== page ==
A Big Bowl Of Polenta

pol2Well, winter never really made it here to Norcal, but there is nothing better on a foggy, rainy and/or chilly day than a bowl of polenta. And since we get plenty of fog, even in summer, polenta is a popular choice here at the farm. So popular, we didn’t think of it as something for the blog. But since Judy Rodgers passed, we think a lot about her and her polenta recipe. So we figured we would share.

pol1pol4The key to making polenta (cornmeal mush) is that it just isn’t all that hard. You don’t need any special technique and you don’t need to stir every second. You just need to be mindful and take your time. You will hear all sorts of polenta making B.S. “advice” about stirring every second and how you drizzle the cornmeal, etc. Forget all that. Rodgers has you cook the polenta at low heat in a heavy-bottom pot, stir every few minutes to avoid scorching and hold in a double boiler to improve texture and allow quick service. And it works. We play frisbee and basketball with the kids while making this dish. We just duck in the kitchen every 5 minutes, give the pot a stir and then it is back to fun outside….nice.

pol5pol6The only real “challenge” here is how to add flavor to the polenta. Just butter and seasoning makes for a way better dish than you might expect. Parmesan and/or mascarpone cheese are common additions, and how Rodgers served it at Zuni. But we like to go a bit further and make polenta into a 1-dish meal. We like stirring in the parmesan, adding a soft-boiled egg, crumbled bacon and then topping with a bright salad of parsley or celery greens. Other good additions are braised greens, prosciutto, sautéed mushrooms, tomato jam and braised short ribs (yum).

pol7pol8And then we have the leftovers. Polenta sets in the fridge and then you can slice and fry it like french toast. This may be even better than the original dish and is perfect with just about any topping (but so good with a salad for a light lunch). So not only do you get one easy and tasty meal, you get 2 or 3. Delightful.

pol9So if spring hasn’t sprung in your neck of the woods, or you just want a warm, tasty dish, try making polenta the Judy Rodgers way. It doesn’t get any better.


(Adapted from Judy Rodgers’ Zuni Cafe Cookbook)

Notes before you start:

  • There are all sorts of “polenta” or cornmeal out there. We do suggest a “stone ground” cornmeal, but don’t break the bank. Old-school cornmeal in the box still works fine.
  • The most important piece of gear here is the heavy-bottom pan. A heavy pan helps you avoid burning or scorching, spreads heat evenly and keeps you from constant stirring.

What you get: The definition of “comfort food”.

What you need: A heavy bottom pot and some time. A nice glass of red wine wouldn’t hurt either.

How Long? About an hour and a half. It is a very easy hour and a half.


  • 5 cups water
  • 1 cup polenta or cornmeal
  • 2 teaspoons salt, or to taste
  • Freshly ground black pepper, to taste
  • Unsalted butter, to taste (optional, but good)
  • Optional toppings: Parmesan cheese, mascarpone, bacon, pancetta, prosciutto, soft-boiled eggs, short ribs, sautéed mushrooms, braised or sautéed greens, tomato sauce or jam.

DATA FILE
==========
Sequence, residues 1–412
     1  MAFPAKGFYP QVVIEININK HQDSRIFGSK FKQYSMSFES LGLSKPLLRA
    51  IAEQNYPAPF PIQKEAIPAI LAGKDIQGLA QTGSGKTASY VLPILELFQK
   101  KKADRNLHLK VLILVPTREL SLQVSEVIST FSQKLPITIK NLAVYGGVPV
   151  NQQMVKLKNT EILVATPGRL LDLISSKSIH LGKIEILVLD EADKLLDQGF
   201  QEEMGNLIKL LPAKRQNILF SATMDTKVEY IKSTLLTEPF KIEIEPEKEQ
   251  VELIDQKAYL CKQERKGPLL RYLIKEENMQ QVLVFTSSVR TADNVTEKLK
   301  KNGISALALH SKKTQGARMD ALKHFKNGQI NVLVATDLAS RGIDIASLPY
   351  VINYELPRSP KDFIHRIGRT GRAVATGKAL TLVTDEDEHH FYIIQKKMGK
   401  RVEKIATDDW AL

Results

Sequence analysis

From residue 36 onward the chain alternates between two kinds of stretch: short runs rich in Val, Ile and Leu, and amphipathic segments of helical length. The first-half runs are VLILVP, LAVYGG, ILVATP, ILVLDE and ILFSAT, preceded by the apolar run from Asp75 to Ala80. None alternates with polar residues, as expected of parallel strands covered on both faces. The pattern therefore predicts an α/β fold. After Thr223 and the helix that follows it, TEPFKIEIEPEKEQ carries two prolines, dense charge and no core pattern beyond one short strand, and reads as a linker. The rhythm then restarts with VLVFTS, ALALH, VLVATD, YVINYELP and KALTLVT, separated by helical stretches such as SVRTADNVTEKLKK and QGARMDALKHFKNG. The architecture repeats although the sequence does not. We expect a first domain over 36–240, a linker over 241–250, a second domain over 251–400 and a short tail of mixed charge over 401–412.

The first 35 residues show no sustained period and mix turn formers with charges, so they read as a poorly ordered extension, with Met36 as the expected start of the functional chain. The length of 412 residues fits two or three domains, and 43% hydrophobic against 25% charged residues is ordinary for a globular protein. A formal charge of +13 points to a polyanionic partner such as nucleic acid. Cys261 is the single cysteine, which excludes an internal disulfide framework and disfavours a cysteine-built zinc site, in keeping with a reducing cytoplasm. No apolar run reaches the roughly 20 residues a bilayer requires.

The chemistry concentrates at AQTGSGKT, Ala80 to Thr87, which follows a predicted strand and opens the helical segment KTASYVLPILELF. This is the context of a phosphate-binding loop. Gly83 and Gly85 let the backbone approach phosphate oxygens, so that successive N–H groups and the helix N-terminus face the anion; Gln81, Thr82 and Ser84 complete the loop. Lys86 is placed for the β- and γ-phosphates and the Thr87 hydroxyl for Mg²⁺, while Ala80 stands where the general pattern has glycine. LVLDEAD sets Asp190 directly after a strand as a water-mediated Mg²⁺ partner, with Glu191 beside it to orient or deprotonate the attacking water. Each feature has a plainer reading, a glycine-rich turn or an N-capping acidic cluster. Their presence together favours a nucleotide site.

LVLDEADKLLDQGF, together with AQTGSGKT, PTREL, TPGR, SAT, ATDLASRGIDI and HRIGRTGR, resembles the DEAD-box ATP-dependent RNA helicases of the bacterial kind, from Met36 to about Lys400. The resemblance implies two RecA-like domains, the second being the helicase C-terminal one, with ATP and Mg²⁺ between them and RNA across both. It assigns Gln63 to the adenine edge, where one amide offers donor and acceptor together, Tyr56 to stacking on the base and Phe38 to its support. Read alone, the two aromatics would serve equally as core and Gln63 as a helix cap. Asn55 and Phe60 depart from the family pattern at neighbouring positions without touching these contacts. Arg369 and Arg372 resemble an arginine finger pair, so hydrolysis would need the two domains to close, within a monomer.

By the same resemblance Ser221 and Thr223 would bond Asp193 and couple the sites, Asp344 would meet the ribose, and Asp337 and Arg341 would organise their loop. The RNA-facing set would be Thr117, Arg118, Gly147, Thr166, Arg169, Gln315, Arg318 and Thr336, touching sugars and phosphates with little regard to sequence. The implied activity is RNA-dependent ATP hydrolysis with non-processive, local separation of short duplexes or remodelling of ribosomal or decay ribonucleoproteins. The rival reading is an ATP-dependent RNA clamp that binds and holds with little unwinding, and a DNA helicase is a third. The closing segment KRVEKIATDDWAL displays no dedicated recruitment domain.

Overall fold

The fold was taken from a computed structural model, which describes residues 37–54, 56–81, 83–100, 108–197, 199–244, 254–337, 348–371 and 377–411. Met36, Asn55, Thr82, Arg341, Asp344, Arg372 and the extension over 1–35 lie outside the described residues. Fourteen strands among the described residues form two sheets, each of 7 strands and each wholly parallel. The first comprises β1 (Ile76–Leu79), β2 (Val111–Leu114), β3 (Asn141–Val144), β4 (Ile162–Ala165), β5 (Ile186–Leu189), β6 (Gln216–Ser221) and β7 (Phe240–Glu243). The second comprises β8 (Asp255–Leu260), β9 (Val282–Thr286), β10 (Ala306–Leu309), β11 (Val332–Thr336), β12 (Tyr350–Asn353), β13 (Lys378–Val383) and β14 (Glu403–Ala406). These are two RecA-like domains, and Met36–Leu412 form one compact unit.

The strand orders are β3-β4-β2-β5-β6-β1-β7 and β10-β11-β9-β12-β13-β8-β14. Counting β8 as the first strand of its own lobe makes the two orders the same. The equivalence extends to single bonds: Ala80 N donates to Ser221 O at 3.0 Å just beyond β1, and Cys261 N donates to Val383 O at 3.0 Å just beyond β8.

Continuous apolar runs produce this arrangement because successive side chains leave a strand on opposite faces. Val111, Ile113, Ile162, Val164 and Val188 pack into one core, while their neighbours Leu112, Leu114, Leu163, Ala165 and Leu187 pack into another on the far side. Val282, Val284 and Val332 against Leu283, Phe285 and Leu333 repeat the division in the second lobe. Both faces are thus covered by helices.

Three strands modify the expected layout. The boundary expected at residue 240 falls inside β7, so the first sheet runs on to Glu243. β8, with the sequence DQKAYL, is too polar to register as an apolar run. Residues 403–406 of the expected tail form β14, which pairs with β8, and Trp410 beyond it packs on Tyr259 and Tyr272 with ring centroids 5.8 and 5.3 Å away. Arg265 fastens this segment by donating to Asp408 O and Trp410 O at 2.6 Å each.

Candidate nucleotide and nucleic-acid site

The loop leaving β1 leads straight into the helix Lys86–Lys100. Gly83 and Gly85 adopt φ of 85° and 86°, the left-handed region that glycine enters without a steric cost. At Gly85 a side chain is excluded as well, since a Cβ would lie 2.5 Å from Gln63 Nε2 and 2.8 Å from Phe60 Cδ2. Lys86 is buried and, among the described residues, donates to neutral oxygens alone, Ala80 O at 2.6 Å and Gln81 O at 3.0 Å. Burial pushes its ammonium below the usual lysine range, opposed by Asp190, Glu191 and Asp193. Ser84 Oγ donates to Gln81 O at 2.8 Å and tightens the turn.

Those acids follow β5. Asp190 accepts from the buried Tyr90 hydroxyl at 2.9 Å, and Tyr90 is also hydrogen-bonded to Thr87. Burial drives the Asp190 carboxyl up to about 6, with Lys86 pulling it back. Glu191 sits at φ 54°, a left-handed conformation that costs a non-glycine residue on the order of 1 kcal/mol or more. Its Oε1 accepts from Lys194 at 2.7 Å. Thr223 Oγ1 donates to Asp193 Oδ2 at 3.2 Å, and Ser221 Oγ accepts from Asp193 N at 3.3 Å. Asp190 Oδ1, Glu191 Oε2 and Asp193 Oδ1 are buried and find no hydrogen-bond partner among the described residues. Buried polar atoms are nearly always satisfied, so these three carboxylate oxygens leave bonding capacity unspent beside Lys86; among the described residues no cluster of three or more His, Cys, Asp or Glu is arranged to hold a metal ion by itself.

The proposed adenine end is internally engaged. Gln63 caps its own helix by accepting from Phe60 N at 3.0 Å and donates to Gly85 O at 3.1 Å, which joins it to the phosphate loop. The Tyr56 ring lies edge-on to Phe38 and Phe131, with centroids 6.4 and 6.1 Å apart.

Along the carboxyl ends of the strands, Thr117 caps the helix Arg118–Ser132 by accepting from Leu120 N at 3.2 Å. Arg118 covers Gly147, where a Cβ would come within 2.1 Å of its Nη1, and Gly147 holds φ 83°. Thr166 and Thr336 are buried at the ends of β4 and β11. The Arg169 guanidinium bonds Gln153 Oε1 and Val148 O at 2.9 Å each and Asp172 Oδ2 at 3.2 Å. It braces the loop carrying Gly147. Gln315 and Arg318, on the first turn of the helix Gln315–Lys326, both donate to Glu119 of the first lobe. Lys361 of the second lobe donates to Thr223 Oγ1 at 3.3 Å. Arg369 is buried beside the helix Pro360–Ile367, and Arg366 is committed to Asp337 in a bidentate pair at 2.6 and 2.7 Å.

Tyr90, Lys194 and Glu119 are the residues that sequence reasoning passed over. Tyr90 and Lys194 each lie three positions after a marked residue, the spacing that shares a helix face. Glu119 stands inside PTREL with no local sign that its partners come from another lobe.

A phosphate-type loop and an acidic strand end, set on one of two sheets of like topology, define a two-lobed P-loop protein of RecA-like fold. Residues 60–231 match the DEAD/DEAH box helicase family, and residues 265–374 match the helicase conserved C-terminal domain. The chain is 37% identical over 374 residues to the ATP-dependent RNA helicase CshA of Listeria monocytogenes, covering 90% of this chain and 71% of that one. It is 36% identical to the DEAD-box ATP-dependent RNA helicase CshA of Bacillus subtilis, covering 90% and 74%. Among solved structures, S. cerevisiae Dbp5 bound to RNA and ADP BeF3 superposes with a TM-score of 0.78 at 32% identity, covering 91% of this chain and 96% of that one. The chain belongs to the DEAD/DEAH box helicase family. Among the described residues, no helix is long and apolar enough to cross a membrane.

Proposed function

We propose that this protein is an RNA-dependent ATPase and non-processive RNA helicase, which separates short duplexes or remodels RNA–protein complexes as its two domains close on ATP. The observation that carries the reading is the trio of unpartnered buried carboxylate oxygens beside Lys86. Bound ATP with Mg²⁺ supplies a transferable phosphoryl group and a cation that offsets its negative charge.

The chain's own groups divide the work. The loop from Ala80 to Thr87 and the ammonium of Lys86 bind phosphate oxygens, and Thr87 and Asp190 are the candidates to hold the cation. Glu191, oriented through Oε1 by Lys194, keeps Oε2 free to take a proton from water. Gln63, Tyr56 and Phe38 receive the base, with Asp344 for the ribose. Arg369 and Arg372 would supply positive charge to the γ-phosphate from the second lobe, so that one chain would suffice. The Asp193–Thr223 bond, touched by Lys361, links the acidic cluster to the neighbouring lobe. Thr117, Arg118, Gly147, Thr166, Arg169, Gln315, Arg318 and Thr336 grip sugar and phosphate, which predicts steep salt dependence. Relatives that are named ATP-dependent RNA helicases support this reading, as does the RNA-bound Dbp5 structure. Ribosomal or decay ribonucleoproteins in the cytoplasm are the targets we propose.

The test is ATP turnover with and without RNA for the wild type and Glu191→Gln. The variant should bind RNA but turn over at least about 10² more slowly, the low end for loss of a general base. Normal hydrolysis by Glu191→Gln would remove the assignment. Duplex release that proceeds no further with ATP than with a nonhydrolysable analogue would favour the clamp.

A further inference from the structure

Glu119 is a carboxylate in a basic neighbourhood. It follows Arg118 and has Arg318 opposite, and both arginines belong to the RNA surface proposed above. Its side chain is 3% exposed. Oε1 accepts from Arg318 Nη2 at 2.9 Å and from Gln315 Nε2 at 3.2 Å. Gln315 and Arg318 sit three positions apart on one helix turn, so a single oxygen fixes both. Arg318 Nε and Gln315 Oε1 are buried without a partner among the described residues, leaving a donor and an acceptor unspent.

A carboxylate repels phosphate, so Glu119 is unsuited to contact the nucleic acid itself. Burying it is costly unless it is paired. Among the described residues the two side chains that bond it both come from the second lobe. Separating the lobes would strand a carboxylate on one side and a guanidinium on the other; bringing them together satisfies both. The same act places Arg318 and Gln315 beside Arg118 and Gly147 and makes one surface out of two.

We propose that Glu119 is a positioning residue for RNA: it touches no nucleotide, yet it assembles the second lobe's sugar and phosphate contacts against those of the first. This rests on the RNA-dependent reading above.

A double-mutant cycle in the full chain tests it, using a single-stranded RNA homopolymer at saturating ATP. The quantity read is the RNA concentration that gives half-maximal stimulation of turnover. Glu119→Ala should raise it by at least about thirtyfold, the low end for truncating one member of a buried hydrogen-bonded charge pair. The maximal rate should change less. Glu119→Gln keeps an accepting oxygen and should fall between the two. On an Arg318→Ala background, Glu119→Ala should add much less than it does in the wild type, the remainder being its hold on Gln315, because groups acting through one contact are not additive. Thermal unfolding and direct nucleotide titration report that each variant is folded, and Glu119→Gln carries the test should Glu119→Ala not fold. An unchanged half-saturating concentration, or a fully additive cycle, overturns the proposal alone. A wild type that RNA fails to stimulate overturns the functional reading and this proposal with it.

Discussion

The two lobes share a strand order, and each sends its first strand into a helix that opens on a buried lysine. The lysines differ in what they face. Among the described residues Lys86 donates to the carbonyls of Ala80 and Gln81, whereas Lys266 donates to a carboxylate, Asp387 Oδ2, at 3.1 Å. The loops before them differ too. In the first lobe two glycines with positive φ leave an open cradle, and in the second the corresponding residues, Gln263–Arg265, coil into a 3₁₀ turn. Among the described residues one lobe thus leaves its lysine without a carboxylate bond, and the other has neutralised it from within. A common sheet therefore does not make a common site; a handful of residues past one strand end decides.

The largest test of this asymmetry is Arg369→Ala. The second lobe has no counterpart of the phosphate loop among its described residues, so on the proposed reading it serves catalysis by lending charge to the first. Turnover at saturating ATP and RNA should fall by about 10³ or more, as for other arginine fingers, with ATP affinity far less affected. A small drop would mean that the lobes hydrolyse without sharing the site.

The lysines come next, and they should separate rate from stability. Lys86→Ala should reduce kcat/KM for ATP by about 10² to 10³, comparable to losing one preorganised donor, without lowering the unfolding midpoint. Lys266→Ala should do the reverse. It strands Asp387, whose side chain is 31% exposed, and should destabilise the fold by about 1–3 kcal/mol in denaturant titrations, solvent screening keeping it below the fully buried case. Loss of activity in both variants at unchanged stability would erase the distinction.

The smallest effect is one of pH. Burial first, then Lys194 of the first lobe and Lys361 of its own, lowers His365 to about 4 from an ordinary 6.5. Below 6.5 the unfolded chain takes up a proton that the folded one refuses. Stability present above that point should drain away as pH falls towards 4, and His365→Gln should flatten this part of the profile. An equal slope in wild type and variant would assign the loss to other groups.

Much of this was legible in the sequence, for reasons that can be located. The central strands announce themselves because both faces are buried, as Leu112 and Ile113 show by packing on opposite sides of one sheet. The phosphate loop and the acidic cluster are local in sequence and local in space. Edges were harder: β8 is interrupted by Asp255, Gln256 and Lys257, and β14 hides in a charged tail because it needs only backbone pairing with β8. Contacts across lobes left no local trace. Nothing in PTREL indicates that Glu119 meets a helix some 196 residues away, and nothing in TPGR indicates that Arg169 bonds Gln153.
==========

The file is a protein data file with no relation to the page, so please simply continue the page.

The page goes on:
1. Add the water to a heavy 2-quart saucepan. Whisk in the polenta. Heat the pot over medium heat until you reach a simmer, then lower the heat so the pot is just bubbling. Cook, uncovered for about 1 hour, stirring every few minutes, until the polenta is think but still fluid. Add a bit of water if the polenta gets too stiff. When done, add salt and butter to taste, if you like (we also like a grind of pepper)
  2. You can serve the polenta now. But it will be better if you transfer the polenta to a double boiler for at least 30 minutes. You can keep the polenta warm in the double boiler for hours (and for service over time). To avoid a skin forming on the polenta, tightly rap the bowl with plastic wrap.
  3. To serve, stir in parmesan cheese and then add any toppings you like.

30 thoughts on “A Big Bowl Of Polenta

  1. Yes, yes, yes! Thanks for posting this. I’ve tried many methods and have never been completely satisfied. I even tried a crockpot version of polenta recently which I thought was very promising since I’m basically lazy…It didn’t work out well at all.

    So back to the tried and true, and thanks for posting this. I’m excited to see how that 30 minutes in the double boiler works!

  2. I’ve never tried polenta but I really want to. I’ve been a little intimidated by it but you make it sound pretty simple. I have to give this a try.

  3. I enjoy polenta with nothing much added at all, and yet I rarely make it. I really like the idea of spiffying it up a bit! And the idea of frying it like french toast…I never thought of that. Now we’re talking! You’ve mentioned Judy and Zuni’s before, and I wish I had known of her while she was a part of your community. It sounds like her cookbook might be a good investment!

    • Frying slices of leftover polenta (non-stick pan is best here) is a real treat. Worth trying.

      As for the cookbook, it can be a bit dense and detailed, but the recipes and theory are spot-on. And quite a few of the recipes are simply perfect. It is a timeless book. We would certainly recommend it.

  4. Yum! Polenta is one of my favorite comfort foods, but I rarely make this dish at home. This recipe looks like a sure thing; I’m excited to try it!

  5. Despite the fact that my husband loves all things corn (cornbread, corn on the cob, creamed corn, corn fritters, corn chowder), I have never tried polenta. Now that I see how non-fussy it can be, I might give it a go. Thanks!

  6. This looks gorgeous… Wha ta comforting meal. Short Ribs atop would be SUCH a treat, especially if greens were included. Really a great recipe and lovely photos. The suggestion of the red wine? Yes, please!

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